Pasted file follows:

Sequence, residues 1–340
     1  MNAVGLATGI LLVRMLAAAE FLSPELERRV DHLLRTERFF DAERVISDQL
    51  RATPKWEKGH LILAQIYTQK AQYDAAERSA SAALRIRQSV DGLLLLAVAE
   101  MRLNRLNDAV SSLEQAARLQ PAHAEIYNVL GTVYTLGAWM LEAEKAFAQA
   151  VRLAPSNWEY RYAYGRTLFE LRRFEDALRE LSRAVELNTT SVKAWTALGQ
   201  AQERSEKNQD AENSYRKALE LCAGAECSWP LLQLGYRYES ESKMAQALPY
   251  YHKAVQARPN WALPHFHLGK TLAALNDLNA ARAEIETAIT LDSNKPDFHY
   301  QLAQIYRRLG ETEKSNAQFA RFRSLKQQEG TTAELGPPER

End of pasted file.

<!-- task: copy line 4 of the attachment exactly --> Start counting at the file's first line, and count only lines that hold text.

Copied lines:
   101  MRLNRLNDAV SSLEQAARLQ PAHAEIYNVL GTVYTLGAWM LEAEKAFAQA